Another catch is that if you heat resistant starch too much, you turn all the resistant starch into plain old starch. That piping hot baked potato or bowl of rice is nothing but a sugar bomb. If you cook your potato or rice and then cool it down, you turn lots of the starch into resistant starch. Or at least that’s the story. One way to get around all this is to take your resistant starch in the form of unmodified potato starch or plantain flour, both of which are said to be 100% resistant starch. For all the reasons elucidated above, people in the low-carb world are starting to advocate adding these kinds of starches–primarily tubers and bananas–into your diet or taking 4 T of unmodified potato starch per day.

Another, somewhat-related-but-not-really issue is that adding a few more non-grain, non-refined sugar carbohydrates into the diet seems to be helpful for some people who start having symptoms of thyroid problems (like cold hands and feet, hair loss, mood swings, loss of energy) after too long on a very low-carb diet. That would be defined as less than 50g of carbohydrates per day. Many now advocate adding things high in resistant starch as the answer. Kill two birds with one stone. Pocket two balls with one shot. Feed your gut biome and also up your carb count to 100-150g per day.

So…what to think, what to think…

-O, the arguments. There is science on both sides. There are paleobiologioevoluntionary arguments on both sides. (My spelling checker just helpfully informed me that “there may be a determiner agreement problem” in that previous sentence.) There are mean, hateful people on both sides. There are calm, rational, thoughtful people on both sides. I can’t see that either side has proven its point infallibly with clear, well-conducted scientific studies. On the plus side, there are some realities of recent discoveries in microbes and digestion that suggest there’s sound science behind the pro-resistant starch band. But what’s missing is taking that science-even sound science-and applying it to real-world applications in a controlled environment. This wouldn’t be first time that a theory was beautiful and sound in the lab, and it just fell all to pieces in the real world.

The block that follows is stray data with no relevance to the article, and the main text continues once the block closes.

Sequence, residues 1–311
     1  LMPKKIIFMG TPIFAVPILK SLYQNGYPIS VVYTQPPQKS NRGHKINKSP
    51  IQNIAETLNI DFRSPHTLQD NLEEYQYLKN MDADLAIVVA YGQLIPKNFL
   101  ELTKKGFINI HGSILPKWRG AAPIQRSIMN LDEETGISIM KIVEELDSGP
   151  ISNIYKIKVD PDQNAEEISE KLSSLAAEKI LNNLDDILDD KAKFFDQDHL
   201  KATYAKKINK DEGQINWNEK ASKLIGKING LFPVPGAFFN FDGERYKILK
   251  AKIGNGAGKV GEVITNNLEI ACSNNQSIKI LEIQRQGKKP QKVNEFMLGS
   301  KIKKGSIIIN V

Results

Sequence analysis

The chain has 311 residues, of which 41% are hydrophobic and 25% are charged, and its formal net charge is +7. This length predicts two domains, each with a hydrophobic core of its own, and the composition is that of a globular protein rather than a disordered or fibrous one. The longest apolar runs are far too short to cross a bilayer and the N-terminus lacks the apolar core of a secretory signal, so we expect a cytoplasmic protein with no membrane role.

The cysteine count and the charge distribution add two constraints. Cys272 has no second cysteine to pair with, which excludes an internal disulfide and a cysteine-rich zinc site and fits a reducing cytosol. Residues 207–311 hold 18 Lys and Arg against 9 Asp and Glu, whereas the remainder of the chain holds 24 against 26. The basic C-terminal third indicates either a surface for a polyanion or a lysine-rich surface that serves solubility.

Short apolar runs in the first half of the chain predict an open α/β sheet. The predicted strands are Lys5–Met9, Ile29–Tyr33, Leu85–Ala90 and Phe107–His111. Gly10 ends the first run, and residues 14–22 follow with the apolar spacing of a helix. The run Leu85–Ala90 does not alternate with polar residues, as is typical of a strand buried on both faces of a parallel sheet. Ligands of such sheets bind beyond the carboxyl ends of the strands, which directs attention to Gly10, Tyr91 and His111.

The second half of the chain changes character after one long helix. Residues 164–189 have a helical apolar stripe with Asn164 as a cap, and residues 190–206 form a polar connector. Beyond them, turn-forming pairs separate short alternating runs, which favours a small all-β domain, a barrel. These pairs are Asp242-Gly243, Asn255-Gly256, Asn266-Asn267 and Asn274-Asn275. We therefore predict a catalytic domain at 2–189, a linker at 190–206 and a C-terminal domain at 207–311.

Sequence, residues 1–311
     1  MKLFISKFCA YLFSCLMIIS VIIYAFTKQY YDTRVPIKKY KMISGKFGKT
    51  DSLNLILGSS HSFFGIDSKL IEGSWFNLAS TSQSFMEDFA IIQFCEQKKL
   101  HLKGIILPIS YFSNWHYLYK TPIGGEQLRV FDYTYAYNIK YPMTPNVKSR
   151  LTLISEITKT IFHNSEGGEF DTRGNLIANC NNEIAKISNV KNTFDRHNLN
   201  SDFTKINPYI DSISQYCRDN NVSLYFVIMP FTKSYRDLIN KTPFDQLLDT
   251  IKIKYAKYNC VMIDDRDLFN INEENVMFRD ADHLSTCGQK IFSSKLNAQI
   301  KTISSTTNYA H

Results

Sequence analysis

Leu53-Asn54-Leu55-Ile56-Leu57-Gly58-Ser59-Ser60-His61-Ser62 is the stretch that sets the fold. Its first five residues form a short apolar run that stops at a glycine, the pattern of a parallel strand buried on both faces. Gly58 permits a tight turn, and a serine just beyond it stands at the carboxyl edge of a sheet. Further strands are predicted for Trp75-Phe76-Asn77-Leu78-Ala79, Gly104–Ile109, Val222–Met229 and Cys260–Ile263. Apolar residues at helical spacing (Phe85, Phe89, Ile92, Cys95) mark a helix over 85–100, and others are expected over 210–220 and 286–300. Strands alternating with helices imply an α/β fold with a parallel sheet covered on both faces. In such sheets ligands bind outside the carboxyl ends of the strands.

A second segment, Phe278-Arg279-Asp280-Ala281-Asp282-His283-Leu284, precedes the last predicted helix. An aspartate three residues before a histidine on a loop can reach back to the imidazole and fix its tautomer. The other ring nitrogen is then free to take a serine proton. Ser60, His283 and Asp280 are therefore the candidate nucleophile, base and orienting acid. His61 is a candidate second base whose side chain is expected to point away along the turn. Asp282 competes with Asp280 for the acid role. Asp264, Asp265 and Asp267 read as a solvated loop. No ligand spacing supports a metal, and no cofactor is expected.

-O, the experimenting. And here’s where I remain most unconvinced. I don’t just read the article: I read the comments. And articles for both sides are inundated with ordinary people that have tried the resistant starch and seen no benefit, great benefits, minor problems, and serious issues. I keep seeing articles on the “pro” side that seem to suggest that nearly everyone who tries it sees all these wonderful benefits–and the few who don’t would if they’d just add a probiotic, or take it more slowly, or give it more time. Ok. Maybe. Maybe people just “aren’t doing it right.” But maybe they aren’t seeing benefits because it’s not helping them.